IT'S been a difficult time for the police. The decision by a Coroner’s Court jury that Mark Duggan had been lawfully killed drew strong criticism from Duggan’s family and friends. The subsequent row showed that we still have a big problem of deep mistrust of the police by large sections of Britain’s black community.

The use of powers to stop and search and the treatment of people held in police custody remain controversial issues now, as I remember them being when I was a parliamentary candidate in Brixton in the mid-1980s.

Then we saw a Metropolitan police officer plead guilty to having blatantly lied in order to bring down a Cabinet Minister, Andrew Mitchell. (I should declare an interest: I have known Mr Mitchell since university). Some people have said publicly that if the police could stitch up a senior Minister in this way, they could stitch up anyone.

But let’s take a step back from the immediate controversies. It’s only a couple of weeks since the BFP carried the story of the well-deserved tributes from civic and community leaders to Supt Gilbert Houalla on his service as police commander in Wycombe. And though public confidence in the police (as in pretty much every institution and profession), it still remains at a generally high level.

We as society ask the police to do an incredibly difficult job. They must be trained to deal with the most ruthless and violent criminals and with the vagrants, alcoholics and mentally ill people at the fringes of society.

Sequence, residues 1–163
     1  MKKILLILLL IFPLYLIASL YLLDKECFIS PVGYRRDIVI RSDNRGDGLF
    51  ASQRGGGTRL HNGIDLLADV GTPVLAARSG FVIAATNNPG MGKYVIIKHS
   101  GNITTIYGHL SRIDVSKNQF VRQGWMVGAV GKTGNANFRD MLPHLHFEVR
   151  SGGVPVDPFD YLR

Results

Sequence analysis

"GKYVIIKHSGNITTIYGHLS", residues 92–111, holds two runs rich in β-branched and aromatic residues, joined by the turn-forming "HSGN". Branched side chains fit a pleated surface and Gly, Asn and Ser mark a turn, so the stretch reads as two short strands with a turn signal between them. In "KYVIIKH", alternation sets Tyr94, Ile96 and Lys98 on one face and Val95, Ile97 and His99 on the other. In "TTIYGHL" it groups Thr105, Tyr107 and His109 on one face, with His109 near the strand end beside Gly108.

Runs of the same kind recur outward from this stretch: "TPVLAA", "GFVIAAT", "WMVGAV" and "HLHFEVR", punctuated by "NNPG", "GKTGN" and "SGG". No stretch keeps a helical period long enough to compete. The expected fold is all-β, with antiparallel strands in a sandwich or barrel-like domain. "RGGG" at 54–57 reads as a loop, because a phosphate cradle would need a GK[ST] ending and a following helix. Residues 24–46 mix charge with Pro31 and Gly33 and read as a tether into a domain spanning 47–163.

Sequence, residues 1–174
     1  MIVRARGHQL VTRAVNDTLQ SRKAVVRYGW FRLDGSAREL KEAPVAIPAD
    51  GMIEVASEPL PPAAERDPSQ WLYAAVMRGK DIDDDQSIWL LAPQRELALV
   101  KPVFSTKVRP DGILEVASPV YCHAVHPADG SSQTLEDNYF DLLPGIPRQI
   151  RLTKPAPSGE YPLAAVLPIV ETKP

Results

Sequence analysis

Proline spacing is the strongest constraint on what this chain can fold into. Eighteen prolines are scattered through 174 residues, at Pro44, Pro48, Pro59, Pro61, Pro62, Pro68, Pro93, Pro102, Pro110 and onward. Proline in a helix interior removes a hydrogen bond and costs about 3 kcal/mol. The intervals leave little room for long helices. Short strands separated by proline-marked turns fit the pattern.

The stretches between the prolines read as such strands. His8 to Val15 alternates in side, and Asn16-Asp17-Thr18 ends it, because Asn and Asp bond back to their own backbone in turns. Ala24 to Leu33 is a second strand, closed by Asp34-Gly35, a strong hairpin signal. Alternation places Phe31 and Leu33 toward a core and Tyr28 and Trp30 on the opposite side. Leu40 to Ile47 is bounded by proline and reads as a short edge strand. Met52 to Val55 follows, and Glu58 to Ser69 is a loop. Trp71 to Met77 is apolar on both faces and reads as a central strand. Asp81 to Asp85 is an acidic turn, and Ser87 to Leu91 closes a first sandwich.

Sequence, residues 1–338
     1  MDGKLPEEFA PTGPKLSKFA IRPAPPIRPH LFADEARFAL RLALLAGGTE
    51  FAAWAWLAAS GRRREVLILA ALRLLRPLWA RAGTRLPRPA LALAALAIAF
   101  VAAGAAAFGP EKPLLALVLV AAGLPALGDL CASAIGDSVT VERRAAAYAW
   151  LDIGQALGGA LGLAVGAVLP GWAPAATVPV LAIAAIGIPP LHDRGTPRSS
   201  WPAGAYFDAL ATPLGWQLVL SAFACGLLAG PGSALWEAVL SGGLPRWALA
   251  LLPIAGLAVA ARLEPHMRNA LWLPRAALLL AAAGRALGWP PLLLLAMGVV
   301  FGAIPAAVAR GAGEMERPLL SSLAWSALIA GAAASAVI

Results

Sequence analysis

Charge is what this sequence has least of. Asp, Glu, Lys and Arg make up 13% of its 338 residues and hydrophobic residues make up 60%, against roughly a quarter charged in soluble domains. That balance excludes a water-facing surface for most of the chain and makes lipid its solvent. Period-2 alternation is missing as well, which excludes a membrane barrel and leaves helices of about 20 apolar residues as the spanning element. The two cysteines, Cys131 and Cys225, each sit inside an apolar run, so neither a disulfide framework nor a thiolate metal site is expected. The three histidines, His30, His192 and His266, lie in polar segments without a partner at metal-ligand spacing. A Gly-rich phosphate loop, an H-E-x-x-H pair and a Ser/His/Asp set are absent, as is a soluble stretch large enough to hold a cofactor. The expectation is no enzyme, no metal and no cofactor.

We expect them to judge when to crack down hard on anti-social behaviour and when to show a bit of leeway and recognise that it’s nothing worse than youthful high spirits getting a bit out-of-hand. We need them to be determined and rigorous investigators and questioners while at the same time showing acute sensitivity and psychological understanding when interviewing the victims of crime.

In my 21 years in Parliament, I’ve worked with three Chief Constables in Thames Valley and many local commanders in Wycombe, Aylesbury and Amersham. When I was Shadow Minister for Northern Ireland, I got to know the police there well and count myself an admirer both of their heroism during the Troubles and their work on reconciliation now.

The police don’t get everything right and we do need to make sure that complaints against the police are investigated properly and impartially. But in my experience, it’s usually police officers themselves who are the most angry when one of their number is found to have behaved in a corrupt or bullying fashion.

When I talk to police officers, whether new PCs or senior commanders, I find men and women who joined the force because they wanted to make life better and safer for the communities in which they live and who are very aware that they are accountable under the law for how they use the powers that they hold. The police need to learn lessons from recent events. But my own dealings with officers both over individual constituency cases and wider criminal justice issues leads me to have confidence that that work will be done.